Ohio House Leader: Householder Should Stay While Court Case Plays Out
Former Speaker Larry Householder (R-Glenford) remains in the House as he awaits trial on federal bribery charges related to the 2019 passage of House Bill 6, the sweeping energy law.
House Bill 6 is at the center of the scheme that federal prosecutors say involved $60 million in bribes paid to Householder and four others by a utility widely believed to FirstEnergy through a dark money group called Generation Now. The nuclear power plant subsidies in the law have been repealed, and investigations into the case continue.
Bob Cupp (R-Lima), who replaced Householder as speaker, had said last year Householder might be expelled if he were re-elected to his seat, since a representative can only be removed once for a particular offense. Householder faced only write-in candidates and was overwhelmingly re-elected.
In March, the House met to discuss Householder's future, but there was no decision. Cupp has been asked repeatedly by reporters whether Householder will remain in the legislature. But he has said the caucus hasn’t moved on that.
Veteran lawmaker Bill Seitz (R-Cincinnati) is the House Majority Floor Leader. He said there are mixed feelings among House Republicans on whether Householder should be removed.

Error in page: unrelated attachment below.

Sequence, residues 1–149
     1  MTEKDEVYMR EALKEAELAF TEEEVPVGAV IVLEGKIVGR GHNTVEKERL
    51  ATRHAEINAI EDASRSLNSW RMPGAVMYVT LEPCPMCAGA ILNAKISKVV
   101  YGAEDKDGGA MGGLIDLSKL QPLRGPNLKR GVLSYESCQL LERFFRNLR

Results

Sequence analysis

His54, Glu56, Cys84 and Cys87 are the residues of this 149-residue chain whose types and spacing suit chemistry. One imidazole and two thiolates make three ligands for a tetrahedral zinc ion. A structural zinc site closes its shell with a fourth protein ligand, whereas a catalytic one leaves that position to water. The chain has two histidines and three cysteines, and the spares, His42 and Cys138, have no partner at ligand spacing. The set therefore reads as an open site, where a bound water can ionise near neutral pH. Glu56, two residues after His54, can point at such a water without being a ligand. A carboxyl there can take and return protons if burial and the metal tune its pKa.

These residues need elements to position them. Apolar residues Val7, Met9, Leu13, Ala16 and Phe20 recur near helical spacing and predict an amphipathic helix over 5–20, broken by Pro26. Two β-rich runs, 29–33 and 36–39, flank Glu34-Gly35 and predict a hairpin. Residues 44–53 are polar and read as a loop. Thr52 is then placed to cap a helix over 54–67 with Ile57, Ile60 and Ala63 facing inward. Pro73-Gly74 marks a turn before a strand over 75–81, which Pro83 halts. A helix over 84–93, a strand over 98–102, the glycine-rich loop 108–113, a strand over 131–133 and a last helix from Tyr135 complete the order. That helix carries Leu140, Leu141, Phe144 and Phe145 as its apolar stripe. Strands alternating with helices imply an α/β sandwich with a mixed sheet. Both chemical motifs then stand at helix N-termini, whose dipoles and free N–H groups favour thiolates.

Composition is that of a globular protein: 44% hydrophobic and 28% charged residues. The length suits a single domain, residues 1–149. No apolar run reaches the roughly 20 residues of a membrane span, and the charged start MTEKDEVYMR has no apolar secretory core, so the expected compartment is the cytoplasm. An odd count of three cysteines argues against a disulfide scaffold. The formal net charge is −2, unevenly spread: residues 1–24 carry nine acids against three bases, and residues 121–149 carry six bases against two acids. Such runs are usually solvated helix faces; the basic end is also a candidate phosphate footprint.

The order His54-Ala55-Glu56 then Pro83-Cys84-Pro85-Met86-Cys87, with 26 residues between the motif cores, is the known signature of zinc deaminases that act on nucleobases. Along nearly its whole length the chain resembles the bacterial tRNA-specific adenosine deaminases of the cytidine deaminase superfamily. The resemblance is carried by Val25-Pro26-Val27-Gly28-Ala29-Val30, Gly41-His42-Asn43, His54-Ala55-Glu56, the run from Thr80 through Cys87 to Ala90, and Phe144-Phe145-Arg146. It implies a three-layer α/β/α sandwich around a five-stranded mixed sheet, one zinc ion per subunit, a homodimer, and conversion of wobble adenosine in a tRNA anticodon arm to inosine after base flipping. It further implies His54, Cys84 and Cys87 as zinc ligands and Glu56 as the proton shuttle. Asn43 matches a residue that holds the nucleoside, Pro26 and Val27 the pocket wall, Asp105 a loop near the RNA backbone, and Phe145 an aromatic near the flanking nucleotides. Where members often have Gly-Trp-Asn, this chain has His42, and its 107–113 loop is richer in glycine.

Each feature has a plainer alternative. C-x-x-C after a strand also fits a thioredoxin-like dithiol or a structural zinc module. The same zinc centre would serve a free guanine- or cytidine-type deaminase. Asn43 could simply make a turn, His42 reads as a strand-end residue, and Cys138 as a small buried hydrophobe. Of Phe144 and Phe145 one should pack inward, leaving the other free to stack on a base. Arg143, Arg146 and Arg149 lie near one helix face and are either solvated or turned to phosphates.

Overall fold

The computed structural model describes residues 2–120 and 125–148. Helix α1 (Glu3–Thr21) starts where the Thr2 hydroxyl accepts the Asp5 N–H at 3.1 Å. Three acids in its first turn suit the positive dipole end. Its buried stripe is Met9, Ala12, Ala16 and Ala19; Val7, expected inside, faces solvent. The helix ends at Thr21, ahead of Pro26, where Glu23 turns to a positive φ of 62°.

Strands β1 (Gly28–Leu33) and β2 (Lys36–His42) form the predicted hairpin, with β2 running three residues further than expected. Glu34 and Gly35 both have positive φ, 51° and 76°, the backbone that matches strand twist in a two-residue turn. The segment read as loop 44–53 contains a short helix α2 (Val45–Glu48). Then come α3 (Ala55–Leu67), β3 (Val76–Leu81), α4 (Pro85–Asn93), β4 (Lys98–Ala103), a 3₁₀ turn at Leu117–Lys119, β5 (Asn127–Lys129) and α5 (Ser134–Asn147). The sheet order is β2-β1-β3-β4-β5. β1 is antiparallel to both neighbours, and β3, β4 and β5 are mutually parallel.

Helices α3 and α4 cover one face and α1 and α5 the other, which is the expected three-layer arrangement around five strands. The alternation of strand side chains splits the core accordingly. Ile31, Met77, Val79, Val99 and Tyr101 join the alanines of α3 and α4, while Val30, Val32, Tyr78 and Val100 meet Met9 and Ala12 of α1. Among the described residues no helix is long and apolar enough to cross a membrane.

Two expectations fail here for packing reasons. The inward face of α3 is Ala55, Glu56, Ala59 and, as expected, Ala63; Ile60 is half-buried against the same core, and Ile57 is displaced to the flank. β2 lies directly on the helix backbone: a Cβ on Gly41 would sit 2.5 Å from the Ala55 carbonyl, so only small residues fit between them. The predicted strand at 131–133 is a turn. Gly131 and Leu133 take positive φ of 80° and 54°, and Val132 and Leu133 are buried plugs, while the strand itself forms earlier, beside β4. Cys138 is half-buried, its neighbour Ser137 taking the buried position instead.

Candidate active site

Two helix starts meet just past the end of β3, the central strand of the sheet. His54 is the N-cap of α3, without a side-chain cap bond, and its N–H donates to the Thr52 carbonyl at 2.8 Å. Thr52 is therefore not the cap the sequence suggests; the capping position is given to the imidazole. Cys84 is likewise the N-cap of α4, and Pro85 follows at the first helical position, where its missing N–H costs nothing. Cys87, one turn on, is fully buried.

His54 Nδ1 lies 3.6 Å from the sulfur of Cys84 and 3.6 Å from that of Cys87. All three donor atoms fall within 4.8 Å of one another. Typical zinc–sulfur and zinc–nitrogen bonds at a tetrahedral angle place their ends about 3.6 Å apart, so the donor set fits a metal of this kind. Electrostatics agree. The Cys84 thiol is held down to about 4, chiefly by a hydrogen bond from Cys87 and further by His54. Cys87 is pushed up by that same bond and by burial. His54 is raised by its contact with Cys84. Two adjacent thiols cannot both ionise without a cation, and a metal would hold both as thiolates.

But Seitz noted no member of the House has ever been expelled for being indicted on a felony charge.
“There have been at least four members of the Ohio House in my time here who have been indicted on felony charges - two Democrats, two Republicans. They were never expelled," Seitz said. "So I think we have to be very mindful of the precedent that we set.”
Householder has said he's innocent of the charges against him. He was arrested in July.
"Seeing as how former Speaker Householder has no committee assignments, does not chair any committees, and has only one of 99 members in a chamber where a 50-49 vote is virtually unheard of, I don't think there's a problem with letting the process play out because he fervently maintains his innocence," Seitz said.
That might take a while. Former US Attorney for the Southern District of Ohio David Devillers said it usually takes nine months to a year to go from indictment to trial. But COVID shut down court proceedings, delaying many cases.
The only Ohio state rep to be expelled was John Slough, a Democrat of Hamilton County, who punched Republican Darius Cadwell of Ashtabula County on the House floor in January 1857. He went on to fight in the Civil War, and ended up as chief justice of the New Mexico Territory. He was assassinated by a member of that territorial legislature ten years after being expelled from the Ohio legislature.